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Mothers' experience of the observation and the observer

Numerous psychoanalytic writers have discussed the place of the observer's perceptions of the infant in infant observation, and how these perceptions can enhance insight into such processes as containment, transference and countertransference. Less, however, has been published that I am aware of about the observer's relationship with the mother, either from the observer's point of view or from the mothers' point of view. About the mothers' experience, there has been relatively slight recognition of the emerging relationship between mother and observer, and little reference to mothers' experience of the observer's presence and their experience of its impact on their relationship with their infant.

For over fifty years, students of infant observation have entered the homes and intimate lives of families. For twelve to twenty-four months, the student witnesses and experiences, at its earliest, the ever evolving psychological and emotional world of the human infant. Over the course of this time, where the observer meets with mother and infant for one-hour weekly visits, to learn and take interest in her baby's growth, a relationship inevitably emerges and develops between the mother and the observer. Harris noted that observers are faced with the task of establishing a "position with the mother from which one can be friendly, receptive and willing to forgo judgmental attitudes ... taking an uncritical interest in whatever she wants to confide about the baby or about her own feelings in dealing with him" (1976/1987, p. 227).

On the mother's side Bick (1964) described that the mother has to find a way to fit the observer into her household "in her own way" (p. 242). The literature is sparse when considering mothers' ways of fitting the observer into their households, and perhaps into their minds, and how mothers come to experience the observation as a whole. There is also a similar significant gap in the literature about the impact of the twelve-month infant observation on the mother-infant relationship. Even less has been written about the ending of infant observation.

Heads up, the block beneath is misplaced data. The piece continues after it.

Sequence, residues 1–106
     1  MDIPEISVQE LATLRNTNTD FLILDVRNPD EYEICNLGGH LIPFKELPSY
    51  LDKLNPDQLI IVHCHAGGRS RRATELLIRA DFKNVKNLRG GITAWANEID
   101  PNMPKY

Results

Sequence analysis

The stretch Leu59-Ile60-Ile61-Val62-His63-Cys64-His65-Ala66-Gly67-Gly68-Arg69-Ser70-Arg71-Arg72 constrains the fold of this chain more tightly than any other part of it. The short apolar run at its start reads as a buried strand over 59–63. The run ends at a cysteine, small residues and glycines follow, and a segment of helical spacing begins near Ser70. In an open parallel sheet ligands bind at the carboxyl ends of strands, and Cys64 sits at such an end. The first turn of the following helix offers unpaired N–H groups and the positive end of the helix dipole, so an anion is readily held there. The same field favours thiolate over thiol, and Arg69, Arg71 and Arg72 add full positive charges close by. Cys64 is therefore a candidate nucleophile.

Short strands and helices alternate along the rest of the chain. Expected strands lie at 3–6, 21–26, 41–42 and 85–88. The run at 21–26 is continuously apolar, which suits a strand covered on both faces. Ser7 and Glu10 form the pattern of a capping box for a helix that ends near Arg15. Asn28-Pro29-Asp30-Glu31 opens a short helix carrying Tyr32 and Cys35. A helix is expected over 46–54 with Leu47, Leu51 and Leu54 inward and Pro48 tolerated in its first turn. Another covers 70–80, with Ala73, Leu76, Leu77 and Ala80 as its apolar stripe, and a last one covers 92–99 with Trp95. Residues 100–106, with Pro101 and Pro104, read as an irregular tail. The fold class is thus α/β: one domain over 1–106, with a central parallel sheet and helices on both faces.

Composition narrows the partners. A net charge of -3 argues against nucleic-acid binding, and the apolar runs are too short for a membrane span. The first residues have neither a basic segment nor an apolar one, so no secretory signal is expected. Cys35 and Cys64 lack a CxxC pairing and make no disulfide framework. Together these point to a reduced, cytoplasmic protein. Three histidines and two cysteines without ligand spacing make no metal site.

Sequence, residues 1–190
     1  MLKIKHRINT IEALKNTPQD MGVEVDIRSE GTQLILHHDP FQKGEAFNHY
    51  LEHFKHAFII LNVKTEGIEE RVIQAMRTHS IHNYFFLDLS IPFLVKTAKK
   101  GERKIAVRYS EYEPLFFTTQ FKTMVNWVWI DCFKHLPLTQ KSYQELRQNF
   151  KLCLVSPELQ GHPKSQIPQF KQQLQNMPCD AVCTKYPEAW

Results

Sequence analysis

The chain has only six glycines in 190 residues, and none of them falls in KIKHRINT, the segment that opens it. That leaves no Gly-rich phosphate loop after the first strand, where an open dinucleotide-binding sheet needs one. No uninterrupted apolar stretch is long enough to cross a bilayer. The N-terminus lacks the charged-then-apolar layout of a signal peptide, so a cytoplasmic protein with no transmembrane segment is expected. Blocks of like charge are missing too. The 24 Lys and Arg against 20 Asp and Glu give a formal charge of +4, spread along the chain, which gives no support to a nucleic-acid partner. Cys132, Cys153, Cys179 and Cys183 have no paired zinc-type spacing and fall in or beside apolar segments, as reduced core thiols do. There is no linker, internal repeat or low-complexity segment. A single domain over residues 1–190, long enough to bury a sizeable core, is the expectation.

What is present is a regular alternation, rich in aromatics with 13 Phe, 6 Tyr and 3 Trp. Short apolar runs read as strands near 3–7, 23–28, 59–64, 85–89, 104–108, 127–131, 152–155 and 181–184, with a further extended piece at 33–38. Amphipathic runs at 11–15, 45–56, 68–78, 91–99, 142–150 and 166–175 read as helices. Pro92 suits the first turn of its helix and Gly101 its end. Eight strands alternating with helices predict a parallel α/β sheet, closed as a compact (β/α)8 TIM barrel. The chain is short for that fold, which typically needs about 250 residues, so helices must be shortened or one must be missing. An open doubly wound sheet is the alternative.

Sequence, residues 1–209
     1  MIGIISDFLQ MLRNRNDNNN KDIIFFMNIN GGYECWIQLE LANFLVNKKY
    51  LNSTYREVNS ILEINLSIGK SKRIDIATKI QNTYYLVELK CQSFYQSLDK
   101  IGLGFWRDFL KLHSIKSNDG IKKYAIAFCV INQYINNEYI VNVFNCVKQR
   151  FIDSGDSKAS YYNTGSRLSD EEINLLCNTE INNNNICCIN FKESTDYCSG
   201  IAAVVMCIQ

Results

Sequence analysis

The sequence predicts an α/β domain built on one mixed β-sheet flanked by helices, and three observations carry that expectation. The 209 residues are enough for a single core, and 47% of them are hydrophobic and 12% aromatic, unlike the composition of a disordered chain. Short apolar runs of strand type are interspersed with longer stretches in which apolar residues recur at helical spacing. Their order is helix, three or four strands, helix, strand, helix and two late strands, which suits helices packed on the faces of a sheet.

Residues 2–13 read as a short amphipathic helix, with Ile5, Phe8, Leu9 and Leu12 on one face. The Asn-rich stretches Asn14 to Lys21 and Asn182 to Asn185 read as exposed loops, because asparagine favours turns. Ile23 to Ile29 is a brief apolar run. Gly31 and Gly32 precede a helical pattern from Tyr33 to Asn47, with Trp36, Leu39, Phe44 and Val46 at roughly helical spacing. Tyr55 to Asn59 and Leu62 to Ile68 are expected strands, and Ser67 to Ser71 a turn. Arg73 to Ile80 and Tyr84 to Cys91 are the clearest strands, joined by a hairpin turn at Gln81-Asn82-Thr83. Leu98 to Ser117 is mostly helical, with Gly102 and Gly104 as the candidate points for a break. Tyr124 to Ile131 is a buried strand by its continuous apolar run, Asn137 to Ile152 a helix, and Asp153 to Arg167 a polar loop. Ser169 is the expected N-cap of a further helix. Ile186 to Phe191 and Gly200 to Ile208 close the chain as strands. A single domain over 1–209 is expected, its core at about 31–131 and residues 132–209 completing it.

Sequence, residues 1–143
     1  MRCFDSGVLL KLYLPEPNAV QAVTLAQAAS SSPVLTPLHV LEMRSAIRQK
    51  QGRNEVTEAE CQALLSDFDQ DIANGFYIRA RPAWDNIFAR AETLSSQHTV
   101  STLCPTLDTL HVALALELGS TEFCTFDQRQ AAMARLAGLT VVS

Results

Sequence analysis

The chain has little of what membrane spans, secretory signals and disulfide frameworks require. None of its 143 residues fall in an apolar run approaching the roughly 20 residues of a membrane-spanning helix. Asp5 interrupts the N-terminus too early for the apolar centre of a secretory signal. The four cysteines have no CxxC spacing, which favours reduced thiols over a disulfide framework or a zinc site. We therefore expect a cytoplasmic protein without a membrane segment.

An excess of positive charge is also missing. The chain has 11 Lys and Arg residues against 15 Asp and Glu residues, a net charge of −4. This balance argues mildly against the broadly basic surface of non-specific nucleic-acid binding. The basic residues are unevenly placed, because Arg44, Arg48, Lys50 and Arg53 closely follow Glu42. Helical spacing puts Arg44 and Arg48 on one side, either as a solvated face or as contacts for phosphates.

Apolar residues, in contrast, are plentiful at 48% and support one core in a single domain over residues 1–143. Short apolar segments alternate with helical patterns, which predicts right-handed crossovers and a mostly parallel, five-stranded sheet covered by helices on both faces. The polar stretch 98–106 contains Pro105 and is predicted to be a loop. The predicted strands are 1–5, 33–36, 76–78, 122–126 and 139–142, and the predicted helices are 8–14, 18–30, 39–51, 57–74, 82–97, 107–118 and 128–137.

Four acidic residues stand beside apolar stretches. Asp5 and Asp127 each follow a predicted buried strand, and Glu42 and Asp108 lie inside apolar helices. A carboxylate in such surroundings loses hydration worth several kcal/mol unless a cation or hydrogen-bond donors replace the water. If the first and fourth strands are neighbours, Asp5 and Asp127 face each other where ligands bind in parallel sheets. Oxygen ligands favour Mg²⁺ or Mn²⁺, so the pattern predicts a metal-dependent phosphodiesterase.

A few authors have, however, offered ideas based on theoretical knowledge and experience, about what meaning the infant observation may take on for mothers. Bick, for example, stated simply her understanding that the observation was welcomed by mothers, and experienced as an event where they could have "someone come regularly into their home with whom they could talk about their baby and its development" (1964, p. 558). Similarly, Coulter (1991) used her own experience as an observer to reflect on the meaning of infant observations for mothers. Brafman (1988) suggested that the observer fosters the mother's self-esteem and self-image, while Shuttleworth (1989) acknowledged that the observer often became a container for the mother, as did Rustin (1989), Crick (1997) and Wittenberg (1999). Bodin (1997) extended this notion of the containing presence of the observer, suggesting that it helps the mother to keep her mind open to her baby, and has a therapeutic side effect, while Raphael-Leff (2003) and Diem-Wille (1997) considered the mothers' use of the observer as a benign and supportive presence.